Xylella fastidiosa is an invasive bacterial plant pathogen that causes significant environmental and economic impacts. Many commercial and ornamental plant species are susceptible to the pathogen, and as testing increases more plant species are identified as capable of being infected. Xylella is spreading around the world, and although it is not present in Australia it is of major concern to Australia’s plant industries.
The following measures apply to those who import nursery stock, tissue cultures and corms, bulbs and plant tissue cultures that are hosts of X. fastidiousa including:
- by the government of the exporting country X. fastidiosa occurs will need to be tested offshore and certified as being free from X. fastidiosanursery stock and plant material coming from countries or regions where
- an approved arrangement that ensures the health of plants will need to be in place for off-shore testing and certification of nursery stock from high risk countries
- material that does not meet the above requirements may be held and tested in an approved quarantine facility for 12 months or nursery stock material may be hot water treated, followed by standard post entry quarantine screening arrangements.
Detailed information about the required measures for tissue culture are outlined in the link below as well as requirements for other forms of nursery stock. These emergency measures apply to all the plant species in the listed regulated families of plants (refer to Appendix 3 via the link below).
- The bacterium has spread from the Americas to Europe with recent detection in France and Italy. It is very difficult to eradicate with the only current control method being to destroy the entire crop. The outbreaks in Italy and France have been devastating to local farmers. It is currently causing hundreds of millions of dollars of damage in the Americas.
- Xylella affects a range of commercially important plants in addition to cut flower varieties including wine and table grapes, citrus, olives, forestry and amenity trees, almonds, cherries, peaches, plums, avocados, blueberries, coffee, pecans and alfalfa.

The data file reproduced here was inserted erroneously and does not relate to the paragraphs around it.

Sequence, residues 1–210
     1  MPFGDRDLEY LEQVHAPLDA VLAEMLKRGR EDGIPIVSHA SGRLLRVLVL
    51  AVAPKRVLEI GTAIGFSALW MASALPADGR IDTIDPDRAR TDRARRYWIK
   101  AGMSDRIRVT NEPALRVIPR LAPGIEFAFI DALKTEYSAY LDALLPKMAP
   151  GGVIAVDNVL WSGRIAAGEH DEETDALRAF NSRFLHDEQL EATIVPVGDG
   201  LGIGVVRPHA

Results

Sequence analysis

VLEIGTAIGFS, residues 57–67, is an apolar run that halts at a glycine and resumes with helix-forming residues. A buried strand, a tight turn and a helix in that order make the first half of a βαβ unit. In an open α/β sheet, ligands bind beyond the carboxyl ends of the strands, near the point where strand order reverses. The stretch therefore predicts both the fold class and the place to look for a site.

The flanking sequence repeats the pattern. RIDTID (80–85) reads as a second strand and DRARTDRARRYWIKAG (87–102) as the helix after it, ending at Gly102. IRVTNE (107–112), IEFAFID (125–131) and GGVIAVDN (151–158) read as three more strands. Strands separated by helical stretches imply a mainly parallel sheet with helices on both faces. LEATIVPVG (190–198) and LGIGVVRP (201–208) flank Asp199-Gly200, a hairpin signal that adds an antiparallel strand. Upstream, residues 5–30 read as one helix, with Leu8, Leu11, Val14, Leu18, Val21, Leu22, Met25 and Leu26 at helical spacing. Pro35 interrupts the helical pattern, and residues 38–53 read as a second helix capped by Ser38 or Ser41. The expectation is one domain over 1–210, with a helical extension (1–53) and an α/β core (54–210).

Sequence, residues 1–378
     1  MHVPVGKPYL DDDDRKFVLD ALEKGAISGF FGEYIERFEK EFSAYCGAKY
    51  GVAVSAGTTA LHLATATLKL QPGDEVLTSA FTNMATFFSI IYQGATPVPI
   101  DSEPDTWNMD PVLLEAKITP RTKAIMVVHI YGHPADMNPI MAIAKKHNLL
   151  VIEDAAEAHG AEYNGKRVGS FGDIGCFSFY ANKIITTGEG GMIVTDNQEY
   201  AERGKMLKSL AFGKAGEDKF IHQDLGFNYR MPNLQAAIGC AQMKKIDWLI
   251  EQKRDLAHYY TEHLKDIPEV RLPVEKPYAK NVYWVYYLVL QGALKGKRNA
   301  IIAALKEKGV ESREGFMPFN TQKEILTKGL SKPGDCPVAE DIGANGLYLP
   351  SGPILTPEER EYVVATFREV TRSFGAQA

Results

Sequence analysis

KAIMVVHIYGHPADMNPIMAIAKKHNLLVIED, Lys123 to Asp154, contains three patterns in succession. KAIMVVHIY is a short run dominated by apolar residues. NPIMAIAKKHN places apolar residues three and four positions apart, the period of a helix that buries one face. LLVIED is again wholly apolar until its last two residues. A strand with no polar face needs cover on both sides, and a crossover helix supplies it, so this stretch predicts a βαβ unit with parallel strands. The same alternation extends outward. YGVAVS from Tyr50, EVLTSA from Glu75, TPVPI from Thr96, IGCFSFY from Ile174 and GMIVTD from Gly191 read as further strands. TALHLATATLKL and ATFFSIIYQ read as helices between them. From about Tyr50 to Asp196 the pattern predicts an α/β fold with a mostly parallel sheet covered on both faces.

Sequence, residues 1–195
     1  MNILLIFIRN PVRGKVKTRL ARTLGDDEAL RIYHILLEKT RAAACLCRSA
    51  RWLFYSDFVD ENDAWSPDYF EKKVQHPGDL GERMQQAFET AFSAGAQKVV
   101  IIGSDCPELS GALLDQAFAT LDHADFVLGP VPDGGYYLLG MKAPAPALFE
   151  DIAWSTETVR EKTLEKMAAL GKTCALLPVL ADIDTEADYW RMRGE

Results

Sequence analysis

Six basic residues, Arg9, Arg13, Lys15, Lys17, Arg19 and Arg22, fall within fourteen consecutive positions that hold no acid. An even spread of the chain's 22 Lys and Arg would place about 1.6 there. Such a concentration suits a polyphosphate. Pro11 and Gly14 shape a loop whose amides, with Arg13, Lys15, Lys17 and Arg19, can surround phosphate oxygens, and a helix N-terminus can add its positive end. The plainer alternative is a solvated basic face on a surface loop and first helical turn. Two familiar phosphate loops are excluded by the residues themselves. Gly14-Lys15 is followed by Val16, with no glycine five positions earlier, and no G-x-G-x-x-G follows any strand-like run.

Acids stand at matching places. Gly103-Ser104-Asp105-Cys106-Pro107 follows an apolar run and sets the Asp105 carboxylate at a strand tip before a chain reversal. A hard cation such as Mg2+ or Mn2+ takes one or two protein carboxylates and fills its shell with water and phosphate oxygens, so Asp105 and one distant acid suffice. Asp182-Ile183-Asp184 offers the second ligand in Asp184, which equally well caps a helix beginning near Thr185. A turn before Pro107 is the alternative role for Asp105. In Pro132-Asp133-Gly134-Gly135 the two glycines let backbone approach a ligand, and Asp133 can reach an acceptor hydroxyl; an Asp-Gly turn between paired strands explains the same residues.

- Many plant species show no symptoms when they are infected and many are traded internationally as nursery stock.
The new quarantine requirements will affect imports of plant material from the Americas and a number of countries outside of those regions including some in Europe and Asia. Volumes of some ornamental plant material including all bulb flowers permitted entry to Australia have been reduced and the costs of importing is likely to increase in the longer term as laboratory testing and longer observation times in quarantine will be required. Material exempt from these emergency conditions:
- Seed import conditions will not be affected, as the pathogen is not known to transmit via this pathway.
- Nursery stock, tissue cultures and corms and bulbs under current post entry quarantine in Australia (but all others will be banned from entry from March 2016 until further notice).
- Plant species that are known not to be a host for Xylella.
For more detailed information including all of the relevant appendices please go to the Department of Agriculture & Water Resources website.